Pax Britannica tells the story of a troop of present-day soldiers who are thrown back through the centuries to Roman Britain, with two additional timelines adding to the adventure: the present and the future. The author draws the reader’s attention to correlations between ancient and modern human behaviour, especially in situations of armed conflict.
This is a good premise – a time-slip novel with an element of futuristic gaming adding a philosophical edge to the narrative. The idea is original and intriguing, and there’s much to admire. The text is well-written and has obviously been proofread (although there are still numerous small errors). A good editor might also have advised the author to avoid head-hopping and overuse of adverbs within dialogue tags. However the plot gallops along at such a pace that the average reader is likely to overlook these issues.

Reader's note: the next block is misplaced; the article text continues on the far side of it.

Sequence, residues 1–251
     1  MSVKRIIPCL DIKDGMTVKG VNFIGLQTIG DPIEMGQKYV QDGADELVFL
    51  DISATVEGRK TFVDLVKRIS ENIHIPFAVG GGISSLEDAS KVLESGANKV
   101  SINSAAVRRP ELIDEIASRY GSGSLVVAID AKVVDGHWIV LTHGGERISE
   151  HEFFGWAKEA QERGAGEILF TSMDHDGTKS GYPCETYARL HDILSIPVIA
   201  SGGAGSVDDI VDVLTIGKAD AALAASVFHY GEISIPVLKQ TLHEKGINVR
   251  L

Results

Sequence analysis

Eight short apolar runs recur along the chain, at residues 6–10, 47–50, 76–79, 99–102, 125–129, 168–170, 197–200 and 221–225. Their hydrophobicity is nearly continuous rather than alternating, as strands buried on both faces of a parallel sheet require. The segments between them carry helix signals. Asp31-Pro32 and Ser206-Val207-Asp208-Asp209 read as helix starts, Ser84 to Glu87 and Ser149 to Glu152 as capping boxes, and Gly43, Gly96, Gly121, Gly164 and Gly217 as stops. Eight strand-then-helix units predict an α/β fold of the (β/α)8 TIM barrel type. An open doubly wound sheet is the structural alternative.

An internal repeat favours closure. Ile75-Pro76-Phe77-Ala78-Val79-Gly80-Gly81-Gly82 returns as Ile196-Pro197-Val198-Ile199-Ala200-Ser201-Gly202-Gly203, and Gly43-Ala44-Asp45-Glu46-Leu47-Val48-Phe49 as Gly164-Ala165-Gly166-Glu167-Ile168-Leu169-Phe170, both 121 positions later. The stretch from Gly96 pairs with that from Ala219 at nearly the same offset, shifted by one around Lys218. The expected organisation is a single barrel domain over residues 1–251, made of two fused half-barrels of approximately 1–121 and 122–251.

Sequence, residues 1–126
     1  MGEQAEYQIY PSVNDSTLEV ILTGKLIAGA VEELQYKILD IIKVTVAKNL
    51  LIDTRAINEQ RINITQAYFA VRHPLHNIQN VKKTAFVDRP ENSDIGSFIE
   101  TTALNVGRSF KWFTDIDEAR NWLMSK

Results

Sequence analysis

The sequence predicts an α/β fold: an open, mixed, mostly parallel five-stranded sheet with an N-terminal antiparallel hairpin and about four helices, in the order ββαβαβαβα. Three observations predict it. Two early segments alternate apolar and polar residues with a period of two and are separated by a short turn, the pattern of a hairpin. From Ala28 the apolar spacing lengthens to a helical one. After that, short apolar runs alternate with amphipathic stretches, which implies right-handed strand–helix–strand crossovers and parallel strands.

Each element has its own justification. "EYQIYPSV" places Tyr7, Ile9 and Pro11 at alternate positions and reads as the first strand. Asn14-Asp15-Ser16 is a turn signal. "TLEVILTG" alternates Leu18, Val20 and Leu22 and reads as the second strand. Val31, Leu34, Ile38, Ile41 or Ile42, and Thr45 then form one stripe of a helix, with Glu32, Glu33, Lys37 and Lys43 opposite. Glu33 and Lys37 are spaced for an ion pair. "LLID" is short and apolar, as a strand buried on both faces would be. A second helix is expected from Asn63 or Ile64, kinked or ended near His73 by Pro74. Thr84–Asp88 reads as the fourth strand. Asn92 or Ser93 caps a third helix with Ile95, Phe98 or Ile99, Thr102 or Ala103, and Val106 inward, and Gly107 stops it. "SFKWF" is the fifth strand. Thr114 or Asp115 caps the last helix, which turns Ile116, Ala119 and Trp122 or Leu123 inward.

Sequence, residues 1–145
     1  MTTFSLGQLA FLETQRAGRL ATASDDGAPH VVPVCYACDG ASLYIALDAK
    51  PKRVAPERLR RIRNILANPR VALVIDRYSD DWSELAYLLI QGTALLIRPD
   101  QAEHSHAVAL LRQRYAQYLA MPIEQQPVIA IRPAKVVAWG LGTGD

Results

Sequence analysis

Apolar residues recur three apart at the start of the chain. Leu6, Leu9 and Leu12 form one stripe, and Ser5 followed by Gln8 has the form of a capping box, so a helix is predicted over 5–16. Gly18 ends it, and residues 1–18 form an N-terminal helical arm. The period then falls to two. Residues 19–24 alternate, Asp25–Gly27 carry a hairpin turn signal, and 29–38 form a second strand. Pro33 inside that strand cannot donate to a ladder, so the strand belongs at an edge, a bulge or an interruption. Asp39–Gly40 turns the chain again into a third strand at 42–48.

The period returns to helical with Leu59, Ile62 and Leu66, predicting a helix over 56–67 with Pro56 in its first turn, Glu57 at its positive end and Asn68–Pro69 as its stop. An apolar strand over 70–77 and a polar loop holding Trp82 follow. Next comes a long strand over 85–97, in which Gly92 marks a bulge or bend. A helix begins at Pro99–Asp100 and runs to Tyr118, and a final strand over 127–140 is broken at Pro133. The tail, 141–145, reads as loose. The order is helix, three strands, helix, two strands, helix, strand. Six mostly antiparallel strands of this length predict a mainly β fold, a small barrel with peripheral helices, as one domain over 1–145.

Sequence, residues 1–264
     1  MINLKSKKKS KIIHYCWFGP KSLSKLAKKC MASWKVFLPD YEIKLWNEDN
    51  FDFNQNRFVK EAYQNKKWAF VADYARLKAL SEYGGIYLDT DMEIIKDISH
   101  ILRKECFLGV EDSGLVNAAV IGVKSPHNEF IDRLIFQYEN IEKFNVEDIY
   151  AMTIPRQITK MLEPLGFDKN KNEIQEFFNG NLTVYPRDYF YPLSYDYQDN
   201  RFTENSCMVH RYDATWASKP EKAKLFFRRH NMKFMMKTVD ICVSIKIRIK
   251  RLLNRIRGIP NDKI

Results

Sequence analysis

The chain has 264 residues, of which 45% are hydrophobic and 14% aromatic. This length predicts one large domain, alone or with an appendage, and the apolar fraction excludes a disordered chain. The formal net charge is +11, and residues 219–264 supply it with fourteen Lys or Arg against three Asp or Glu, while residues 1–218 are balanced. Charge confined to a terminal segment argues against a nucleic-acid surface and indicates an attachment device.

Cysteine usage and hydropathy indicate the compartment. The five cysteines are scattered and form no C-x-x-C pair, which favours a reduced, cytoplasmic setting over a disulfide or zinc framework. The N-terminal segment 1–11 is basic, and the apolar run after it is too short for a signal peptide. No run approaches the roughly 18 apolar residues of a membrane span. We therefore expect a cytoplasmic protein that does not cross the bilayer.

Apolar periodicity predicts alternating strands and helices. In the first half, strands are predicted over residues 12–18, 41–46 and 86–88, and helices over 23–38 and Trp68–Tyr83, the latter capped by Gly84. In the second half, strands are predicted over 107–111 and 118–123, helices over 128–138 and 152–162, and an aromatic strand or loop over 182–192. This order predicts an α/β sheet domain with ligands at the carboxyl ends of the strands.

From a design and production perspective, the interior is laid out in a tidy manner with a good choice of font (Garamond). The page numbering needs attention as the prelims incorrectly still have numbers on them, and there are a number of widows and orphans throughout (pages with just one word or sentence). The one thing that really lets this book down is the cover. The composited picture and amateur typography means this book would not sit well on a bookshelf next to a professionally designed book, which is such a shame because the content deserves better, and could appeal to fans of Michael Crichton’s Timeline.
A slight re-format and a skilful re-edit could transform this book from a good read into an outstanding read.